Your company’s shareholders agreement will set out (among other things) shareholders’ rights and obligations to the company and each other. Although the law does not require you to have a shareholders agreement, it is best practice to have one if your company has more than one shareholder. Having a shareholders agreement ensures that everyone understands how your company is run and managed and what each shareholder’s rights are. This helps to reduce the likelihood of disputes. This article will discuss how you can change your company’s shareholders agreement. 

Why Change Your Shareholders Agreement?

You will usually put a shareholders agreement in place early in your company’s lifecycle. Over time, your company will grow and evolve in a way that makes your existing shareholders agreement no longer suitable. Often, when a company raises capital, its investors may request changes to the shareholders agreement. This is to ensure that they have greater rights and can better protect their investment. 

Consider and Confirm the Change

Depending on why you are considering an amendment to your shareholders agreement, you should first confirm that you want to make the change. Typically, this will be relevant where you are considering changing your shareholders agreement because you are onboarding a new investor. If an investor is requesting changes to your shareholders agreement, you should ensure that you have properly negotiated these changes. This is to ensure that the change does not unreasonably disadvantage you and your existing shareholders. However, if you are making operational changes, this consideration may not be as relevant. It is still best practice to make sure that you intend to make the changes.

Check Your Existing Agreement

Most shareholders agreements will set out the process for amending it. Typically, a change to your company’s shareholders agreement will require all of the shareholders to agree to the change in writing. You should check your shareholders agreement to confirm whether this is the case for your company. If it is not, you should follow the steps in the shareholders agreement to amend or vary it.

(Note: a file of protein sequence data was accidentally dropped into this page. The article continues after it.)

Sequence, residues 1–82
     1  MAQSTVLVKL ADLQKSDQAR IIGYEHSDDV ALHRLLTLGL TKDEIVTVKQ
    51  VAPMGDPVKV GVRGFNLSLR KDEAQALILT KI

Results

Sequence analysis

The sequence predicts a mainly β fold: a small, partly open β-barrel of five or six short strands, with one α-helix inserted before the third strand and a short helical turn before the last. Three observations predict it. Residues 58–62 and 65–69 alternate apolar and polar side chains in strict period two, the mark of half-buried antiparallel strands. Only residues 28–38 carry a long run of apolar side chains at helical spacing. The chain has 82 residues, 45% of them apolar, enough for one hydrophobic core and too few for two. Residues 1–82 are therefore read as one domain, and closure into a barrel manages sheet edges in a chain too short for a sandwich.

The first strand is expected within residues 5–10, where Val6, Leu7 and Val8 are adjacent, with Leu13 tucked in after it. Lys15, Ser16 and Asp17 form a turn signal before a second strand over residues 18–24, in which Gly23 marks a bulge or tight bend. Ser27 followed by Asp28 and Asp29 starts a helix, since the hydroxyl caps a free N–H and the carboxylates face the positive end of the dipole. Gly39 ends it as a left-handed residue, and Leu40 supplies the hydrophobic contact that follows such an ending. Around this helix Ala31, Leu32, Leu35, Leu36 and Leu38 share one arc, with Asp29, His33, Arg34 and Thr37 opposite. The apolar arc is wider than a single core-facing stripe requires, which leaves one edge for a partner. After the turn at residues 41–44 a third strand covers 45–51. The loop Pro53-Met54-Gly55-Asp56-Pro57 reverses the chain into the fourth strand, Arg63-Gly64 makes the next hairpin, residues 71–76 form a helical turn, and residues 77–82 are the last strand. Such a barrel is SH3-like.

How to Make the Change

In most instances, you can make a change to your shareholders agreement by having all shareholders agree to the change in writing. Rather than signing an entirely new shareholders agreement, you may have each shareholder sign a deed of variation. This is a document which will set out all the relevant changes to the shareholders agreement you are proposing. 

Once signed by all parties, the amended shareholders agreement will be in force and will replace the existing agreement. You do not need to lodge the new agreement with ASIC or to notify them of this change. 

Key Takeaways

There are many reasons why your company may need to change its shareholders agreement as its needs and demands change. Before making any changes, you should ensure that those changes are appropriate. Usually, changing your shareholders agreement will require each shareholder to agree in writing. This is often done by preparing a deed of variation which each shareholder will sign, or by preparing an amended shareholders agreement which each shareholder will then re-sign. You should ensure that you follow the appropriate steps in your shareholders agreement to make a change to the agreement. If you have any questions shareholders agreements, contact LegalVision’s business lawyers on 1300 544 755 or fill out the form on this page. 

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